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posted: 6/4/2014 5:30 AM

Remember to think sides of the plate when firing up the grill

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  • Grilled tomatoes add depth to a vinaigrette that dressed a zucchini and onion salad.

      Grilled tomatoes add depth to a vinaigrette that dressed a zucchini and onion salad.
    Courtesy Pintail/Mike McColl

  • Chef Ted Reader's new book is "Gastro Grilling: Fired-up Recipes to Grill Great Everyday Meals."

      Chef Ted Reader's new book is "Gastro Grilling: Fired-up Recipes to Grill Great Everyday Meals."

 
 

When it comes to grilling, many people focus on the center of the plate, carefully planning and prepping their chicken thighs and shrimp skewers. Yet Weber's annual GrillWatch Survey shows that people are slowly embracing the grill for the rest of the meal, too.

"Especially guys tend to think burgers, dogs, sausages and steaks, but there's so much more that you can do," grill master Ted Reader says. "For me, every time I go out to my grill I do something different."

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Indeed chef Reader walks the walk. In his 12th book, "Gastro Grilling: Fired-up Recipes to Grill Great Everyday Meals," he gives outdoor cooks more than 135 recipes from party starters to mains to desserts.

"You don't want to have someone in the house making the sides and potato salad," he says. "You can do it all on the grill."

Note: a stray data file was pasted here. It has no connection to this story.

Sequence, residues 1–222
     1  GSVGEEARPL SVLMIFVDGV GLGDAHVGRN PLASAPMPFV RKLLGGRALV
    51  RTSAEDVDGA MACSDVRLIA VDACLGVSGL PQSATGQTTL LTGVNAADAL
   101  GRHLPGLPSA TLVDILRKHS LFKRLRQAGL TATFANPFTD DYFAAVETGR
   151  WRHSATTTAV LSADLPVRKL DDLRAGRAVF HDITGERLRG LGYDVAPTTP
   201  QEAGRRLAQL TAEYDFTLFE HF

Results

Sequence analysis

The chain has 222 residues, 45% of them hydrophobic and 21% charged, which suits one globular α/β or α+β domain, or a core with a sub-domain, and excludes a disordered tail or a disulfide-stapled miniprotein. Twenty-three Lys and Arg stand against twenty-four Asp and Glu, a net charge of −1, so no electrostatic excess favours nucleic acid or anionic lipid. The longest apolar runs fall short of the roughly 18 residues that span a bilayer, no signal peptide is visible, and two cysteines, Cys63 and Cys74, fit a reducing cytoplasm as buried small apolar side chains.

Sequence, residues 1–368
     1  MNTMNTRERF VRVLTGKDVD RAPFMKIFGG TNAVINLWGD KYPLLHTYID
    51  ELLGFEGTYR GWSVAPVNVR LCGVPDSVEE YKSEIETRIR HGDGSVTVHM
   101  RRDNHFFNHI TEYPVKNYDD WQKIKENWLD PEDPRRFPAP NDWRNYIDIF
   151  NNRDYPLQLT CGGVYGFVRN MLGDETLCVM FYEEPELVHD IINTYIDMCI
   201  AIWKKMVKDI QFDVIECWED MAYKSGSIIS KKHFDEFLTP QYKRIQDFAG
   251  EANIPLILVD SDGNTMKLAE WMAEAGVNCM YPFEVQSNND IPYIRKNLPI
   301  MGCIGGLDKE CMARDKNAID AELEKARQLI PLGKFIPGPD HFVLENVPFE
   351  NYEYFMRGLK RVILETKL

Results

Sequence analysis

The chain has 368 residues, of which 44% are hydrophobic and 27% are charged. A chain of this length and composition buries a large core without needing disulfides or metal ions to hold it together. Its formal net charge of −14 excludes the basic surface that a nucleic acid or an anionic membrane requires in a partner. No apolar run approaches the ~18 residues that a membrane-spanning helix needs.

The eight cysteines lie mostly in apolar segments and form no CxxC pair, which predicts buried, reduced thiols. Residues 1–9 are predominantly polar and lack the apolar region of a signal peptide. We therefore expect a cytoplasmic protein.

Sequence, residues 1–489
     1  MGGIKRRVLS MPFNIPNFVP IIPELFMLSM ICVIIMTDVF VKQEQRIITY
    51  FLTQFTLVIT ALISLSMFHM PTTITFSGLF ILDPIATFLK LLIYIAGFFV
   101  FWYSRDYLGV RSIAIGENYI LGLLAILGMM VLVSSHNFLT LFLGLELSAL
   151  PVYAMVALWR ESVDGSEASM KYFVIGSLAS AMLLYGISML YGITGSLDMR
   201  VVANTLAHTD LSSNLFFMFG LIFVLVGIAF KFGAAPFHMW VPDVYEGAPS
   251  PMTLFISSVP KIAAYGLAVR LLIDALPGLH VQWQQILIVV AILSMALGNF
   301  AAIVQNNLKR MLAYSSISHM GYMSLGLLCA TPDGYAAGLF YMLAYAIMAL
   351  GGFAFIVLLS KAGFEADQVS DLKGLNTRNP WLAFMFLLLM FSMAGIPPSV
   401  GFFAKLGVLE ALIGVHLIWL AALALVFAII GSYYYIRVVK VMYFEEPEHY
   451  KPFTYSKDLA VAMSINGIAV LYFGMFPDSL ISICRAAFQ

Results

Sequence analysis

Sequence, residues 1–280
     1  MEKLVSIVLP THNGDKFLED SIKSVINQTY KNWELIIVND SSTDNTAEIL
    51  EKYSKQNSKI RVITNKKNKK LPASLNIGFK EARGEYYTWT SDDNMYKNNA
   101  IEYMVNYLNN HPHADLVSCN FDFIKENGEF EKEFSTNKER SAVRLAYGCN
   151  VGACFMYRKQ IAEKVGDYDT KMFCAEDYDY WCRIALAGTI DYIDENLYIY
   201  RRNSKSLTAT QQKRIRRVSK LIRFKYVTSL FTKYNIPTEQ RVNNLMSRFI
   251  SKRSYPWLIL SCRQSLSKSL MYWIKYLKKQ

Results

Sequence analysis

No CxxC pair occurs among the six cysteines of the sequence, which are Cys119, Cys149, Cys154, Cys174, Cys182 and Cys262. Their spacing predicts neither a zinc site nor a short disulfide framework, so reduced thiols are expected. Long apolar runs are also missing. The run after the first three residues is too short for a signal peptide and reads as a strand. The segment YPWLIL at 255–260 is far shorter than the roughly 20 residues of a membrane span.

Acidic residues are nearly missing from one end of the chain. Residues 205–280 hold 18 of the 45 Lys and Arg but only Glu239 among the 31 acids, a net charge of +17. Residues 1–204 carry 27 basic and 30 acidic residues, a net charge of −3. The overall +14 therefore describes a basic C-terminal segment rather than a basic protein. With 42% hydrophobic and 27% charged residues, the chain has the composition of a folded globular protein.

He says he can't think of a vegetable that can't be cooked over flames. "Rapini, asparagus, cauliflower, roasted whole," Reader says. "I'm not a big fan of broccoli, but I like it when its grilled."

"Grilling vegetables is magical," agrees Elizabeth Karmel, author of "Pizza on the Grill Expanded" and food columnist for The Associated Press. "Mostly because the intense heat caramelizes the natural sugars in them. It transforms vegetables from something you feel you have to eat into something you can't stop eating!"

Potatoes tie for second in Weber's survey for the most popular grilled vegetable (with onions, behind corn), and Reader has an inventive way to elevate foil-wrapped campfire spuds.

"Melt butter with maple syrup and inject it into a regular potato or a sweet potato," he suggests.

He's a big fan of using culinary syringes to add flavor and moisture to grilled foods and employs that technique throughout the book, including with pineapple and bananas.

Bananas on Toast is a straight forward enough name for a stunning dessert that involves injecting bananas with vanilla-infused bourbon and grilling the unpeeled fruit. Once cooked, the soft fruit gets spread on toasted raisin bread and garnished with bacon and sage.

"My philosophy is that I want people to have as much fun around their grill as I do," Reader says, "whether they're cooking a hot dog or a fancy meal."

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